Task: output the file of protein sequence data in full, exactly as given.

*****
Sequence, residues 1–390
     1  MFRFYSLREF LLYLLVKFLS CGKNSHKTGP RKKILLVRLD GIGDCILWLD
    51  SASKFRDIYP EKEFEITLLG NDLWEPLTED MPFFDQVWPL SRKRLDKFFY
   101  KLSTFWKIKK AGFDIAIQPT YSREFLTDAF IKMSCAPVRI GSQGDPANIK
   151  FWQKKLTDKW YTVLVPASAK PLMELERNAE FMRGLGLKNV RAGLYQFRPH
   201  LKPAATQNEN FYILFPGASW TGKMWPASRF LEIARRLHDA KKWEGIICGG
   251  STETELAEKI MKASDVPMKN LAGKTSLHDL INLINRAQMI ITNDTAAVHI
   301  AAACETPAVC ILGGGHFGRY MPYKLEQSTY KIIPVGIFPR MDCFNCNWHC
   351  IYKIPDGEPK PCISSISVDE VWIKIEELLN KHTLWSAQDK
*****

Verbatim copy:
Sequence, residues 1–390
     1  MFRFYSLREF LLYLLVKFLS CGKNSHKTGP RKKILLVRLD GIGDCILWLD
    51  SASKFRDIYP EKEFEITLLG NDLWEPLTED MPFFDQVWPL SRKRLDKFFY
   101  KLSTFWKIKK AGFDIAIQPT YSREFLTDAF IKMSCAPVRI GSQGDPANIK
   151  FWQKKLTDKW YTVLVPASAK PLMELERNAE FMRGLGLKNV RAGLYQFRPH
   201  LKPAATQNEN FYILFPGASW TGKMWPASRF LEIARRLHDA KKWEGIICGG
   251  STETELAEKI MKASDVPMKN LAGKTSLHDL INLINRAQMI ITNDTAAVHI
   301  AAACETPAVC ILGGGHFGRY MPYKLEQSTY KIIPVGIFPR MDCFNCNWHC
   351  IYKIPDGEPK PCISSISVDE VWIKIEELLN KHTLWSAQDK